Ng Jing Yng Today Online 26 Jun 13;
SINGAPORE — The National Heritage Board (NHB) will be documenting the historical elements of the former Bidadari Cemetery and its surroundings, which have been slated to be turned into a housing estate.
According to a tender called by the NHB on June 5, it is seeking an agency to “conduct research and to prepare a detailed report on the heritage of the former Bidadari Cemetery and the wider Bidadari estate”. Among other things, the project due by August will include an account of the developments and events that have taken place as well as the origins and history of the place — one of Singapore’s oldest burial grounds. The NHB has also asked vendors to conduct interviews with relevant individuals.
In February, the Government announced Bidadari as one of three new housing estates, alongside Tampines North and Tengah. The authorities later assured that the development of Bidadari, which is set to offer 11,000 units over the next three years and is located at the junction of Upper Serangoon Road and Upper Aljunied Road, will incorporate its green landscape and historical elements.
The former cemetery includes the Bidadari Garden, which is home to tombstones of 21 notable Singapore pioneers. They include medical doctor and social reformer Lim Boon Keng and former Speaker of Parliament George Oehlers. Dr Lim and Song Ong Siang, a lawyer who was also buried at Bidadari, founded the Singapore Chinese Girls’ School in 1899.
The former Bidadari Cemetery, which is almost as big as four-and-a-half National Stadiums, is currently used by joggers. The graves were exhumed in 2001.
Responding to media queries, the NHB said: “This project is in preparation for the development of Bidadari estate.” Adding that the NHB and the Housing and Development Board (HDB) will be working closely on the project, the NHB spokesperson said: “Bidadari’s history and heritage elements will be considered in the planning of the (Bidadari estate).”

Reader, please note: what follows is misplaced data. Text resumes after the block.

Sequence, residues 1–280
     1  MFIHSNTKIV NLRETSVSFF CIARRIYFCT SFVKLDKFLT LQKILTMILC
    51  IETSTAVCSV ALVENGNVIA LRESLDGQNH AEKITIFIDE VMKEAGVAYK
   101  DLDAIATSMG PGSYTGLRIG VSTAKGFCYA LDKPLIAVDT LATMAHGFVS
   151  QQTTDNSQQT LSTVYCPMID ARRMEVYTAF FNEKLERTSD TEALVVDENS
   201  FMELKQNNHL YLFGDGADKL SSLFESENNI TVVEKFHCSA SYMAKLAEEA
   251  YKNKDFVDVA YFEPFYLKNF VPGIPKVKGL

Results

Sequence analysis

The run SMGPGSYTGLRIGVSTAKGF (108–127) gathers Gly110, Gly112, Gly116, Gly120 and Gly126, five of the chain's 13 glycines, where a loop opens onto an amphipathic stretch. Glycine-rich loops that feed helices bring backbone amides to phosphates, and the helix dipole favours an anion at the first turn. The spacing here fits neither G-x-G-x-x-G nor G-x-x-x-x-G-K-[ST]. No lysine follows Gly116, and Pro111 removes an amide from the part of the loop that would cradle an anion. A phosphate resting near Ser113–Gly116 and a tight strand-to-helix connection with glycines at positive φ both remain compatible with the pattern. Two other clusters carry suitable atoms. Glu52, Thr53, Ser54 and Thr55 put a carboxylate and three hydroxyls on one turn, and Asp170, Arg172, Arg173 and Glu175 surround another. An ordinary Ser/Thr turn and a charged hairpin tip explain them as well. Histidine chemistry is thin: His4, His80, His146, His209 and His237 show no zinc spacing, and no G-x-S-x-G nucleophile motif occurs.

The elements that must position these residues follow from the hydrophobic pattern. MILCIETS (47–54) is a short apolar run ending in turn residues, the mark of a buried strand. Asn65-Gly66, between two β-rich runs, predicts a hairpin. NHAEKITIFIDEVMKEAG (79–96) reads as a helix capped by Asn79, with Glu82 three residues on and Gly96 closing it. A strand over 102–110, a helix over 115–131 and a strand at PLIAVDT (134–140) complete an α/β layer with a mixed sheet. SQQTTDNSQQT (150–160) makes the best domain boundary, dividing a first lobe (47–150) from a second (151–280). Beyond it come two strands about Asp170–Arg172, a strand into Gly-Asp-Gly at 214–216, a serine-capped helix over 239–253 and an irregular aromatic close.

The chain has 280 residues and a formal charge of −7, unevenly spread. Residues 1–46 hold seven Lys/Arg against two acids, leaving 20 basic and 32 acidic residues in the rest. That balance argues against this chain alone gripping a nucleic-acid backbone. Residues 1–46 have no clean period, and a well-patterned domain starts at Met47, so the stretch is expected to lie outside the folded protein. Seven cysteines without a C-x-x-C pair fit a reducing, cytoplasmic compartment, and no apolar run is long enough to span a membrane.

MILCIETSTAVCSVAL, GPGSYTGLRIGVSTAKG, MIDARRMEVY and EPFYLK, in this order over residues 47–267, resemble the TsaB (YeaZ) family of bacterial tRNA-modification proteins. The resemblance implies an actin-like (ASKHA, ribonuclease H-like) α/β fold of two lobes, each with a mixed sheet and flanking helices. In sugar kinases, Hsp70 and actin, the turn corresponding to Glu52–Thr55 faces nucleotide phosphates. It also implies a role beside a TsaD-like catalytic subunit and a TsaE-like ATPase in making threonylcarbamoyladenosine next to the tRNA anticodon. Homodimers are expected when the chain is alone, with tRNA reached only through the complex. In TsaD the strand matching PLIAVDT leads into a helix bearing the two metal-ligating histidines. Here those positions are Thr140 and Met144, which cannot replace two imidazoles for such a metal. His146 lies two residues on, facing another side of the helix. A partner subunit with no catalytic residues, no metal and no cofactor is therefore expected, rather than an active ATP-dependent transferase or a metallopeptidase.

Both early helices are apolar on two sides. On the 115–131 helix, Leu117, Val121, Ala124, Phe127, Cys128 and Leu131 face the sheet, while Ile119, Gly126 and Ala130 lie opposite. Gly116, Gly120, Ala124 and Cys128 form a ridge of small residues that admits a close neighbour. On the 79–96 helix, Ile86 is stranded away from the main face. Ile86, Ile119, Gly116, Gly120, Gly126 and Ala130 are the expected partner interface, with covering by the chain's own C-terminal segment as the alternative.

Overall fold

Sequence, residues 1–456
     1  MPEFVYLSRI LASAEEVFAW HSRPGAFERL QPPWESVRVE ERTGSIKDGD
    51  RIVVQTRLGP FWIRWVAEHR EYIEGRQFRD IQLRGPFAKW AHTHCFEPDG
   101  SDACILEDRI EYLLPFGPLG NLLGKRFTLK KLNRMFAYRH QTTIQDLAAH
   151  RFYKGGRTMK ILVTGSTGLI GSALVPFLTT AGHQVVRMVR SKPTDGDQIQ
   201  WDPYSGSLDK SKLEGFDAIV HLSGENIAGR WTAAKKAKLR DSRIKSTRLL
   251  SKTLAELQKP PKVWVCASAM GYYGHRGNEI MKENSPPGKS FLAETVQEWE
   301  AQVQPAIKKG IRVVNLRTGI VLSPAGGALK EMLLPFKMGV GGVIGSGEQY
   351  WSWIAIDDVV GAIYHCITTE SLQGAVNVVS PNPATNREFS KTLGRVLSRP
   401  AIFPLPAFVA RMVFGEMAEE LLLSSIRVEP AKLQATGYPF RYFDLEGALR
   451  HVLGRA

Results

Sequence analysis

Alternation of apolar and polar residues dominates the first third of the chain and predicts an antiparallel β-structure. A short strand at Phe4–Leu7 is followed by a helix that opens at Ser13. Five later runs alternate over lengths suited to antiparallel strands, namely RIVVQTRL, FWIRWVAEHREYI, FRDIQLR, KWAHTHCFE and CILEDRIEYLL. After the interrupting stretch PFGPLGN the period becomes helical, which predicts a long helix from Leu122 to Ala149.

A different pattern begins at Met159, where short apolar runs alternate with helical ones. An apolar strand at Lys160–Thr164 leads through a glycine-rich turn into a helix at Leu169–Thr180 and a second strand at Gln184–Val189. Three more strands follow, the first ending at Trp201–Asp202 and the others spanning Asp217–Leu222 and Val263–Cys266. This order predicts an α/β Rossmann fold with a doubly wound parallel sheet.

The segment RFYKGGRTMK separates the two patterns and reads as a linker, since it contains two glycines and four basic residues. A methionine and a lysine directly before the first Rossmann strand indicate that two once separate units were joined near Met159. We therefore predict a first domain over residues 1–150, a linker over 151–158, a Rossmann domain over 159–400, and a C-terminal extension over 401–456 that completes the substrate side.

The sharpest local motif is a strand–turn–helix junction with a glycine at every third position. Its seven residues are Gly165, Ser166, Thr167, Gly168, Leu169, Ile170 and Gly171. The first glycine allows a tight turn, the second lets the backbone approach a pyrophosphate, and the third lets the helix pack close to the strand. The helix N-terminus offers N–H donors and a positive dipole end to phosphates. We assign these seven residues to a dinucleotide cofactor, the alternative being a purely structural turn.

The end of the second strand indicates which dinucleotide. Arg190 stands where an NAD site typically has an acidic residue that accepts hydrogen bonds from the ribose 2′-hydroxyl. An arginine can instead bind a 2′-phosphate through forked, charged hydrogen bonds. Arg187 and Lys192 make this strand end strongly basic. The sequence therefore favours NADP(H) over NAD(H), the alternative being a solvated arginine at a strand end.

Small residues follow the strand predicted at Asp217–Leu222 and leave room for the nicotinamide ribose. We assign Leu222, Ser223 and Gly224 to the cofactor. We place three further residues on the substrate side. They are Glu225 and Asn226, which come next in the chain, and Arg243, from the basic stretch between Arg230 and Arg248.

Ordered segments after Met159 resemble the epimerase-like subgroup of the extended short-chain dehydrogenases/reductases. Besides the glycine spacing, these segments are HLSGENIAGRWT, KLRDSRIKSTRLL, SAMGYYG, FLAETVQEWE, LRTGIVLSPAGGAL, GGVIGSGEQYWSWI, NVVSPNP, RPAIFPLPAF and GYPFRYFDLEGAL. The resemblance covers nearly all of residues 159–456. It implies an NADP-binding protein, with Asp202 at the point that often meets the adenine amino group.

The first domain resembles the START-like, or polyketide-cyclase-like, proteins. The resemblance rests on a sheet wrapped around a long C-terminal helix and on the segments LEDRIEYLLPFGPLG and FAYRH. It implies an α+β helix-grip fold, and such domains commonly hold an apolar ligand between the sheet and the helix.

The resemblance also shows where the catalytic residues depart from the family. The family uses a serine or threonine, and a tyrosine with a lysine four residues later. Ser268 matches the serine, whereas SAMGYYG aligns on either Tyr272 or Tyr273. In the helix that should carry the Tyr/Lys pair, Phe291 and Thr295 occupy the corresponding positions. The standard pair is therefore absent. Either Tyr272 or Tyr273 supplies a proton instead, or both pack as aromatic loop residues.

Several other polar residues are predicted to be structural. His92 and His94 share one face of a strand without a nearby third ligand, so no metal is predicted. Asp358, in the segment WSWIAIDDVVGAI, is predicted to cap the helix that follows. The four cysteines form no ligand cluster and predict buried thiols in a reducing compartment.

Heritage and history experts TODAY spoke to applauded the NHB’s efforts to consider historical elements during the Bidadari development process, noting that the move signified an increased awareness in preserving Singapore’s heritage.
Last year, the Government’s decision to build a road through the Bukit Brown Cemetery drew flak from both conservation and nature groups. Some parties felt that there was a lack of consultation before plans were finalised, while others were up in arms over the loss of nature and heritage spaces in the country.
History academic Goh Geok Yian from Nanyang Technological University felt that the Bukit Brown episode could have been “instrumental” in alerting the NHB to the importance of documenting gravestones and other structures in Bidadari.
She suggested giving members of the public a chance to participate in the research process, including giving views on how they want historical places to be remembered.
“Places, like the Bidadari estate and cemetery, form parts of a history of Singapore which is multifaceted and longer,” said Dr Goh. “The obliteration of many of these places only serves to make our country’s history poorer and less interesting.”
Singapore Heritage Society Vice-President Chua Ai Lin said that it is important to provide urban planners with the research findings during the early stages of development, “so that the research can inform the planning in a meaningful way”.
“It is important not to look at Singapore as if it is a blank slate, but to incorporate a sense of continuity from the past in our future plans,” she added.
Ng Jing Yng Today Online 26 Jun 13;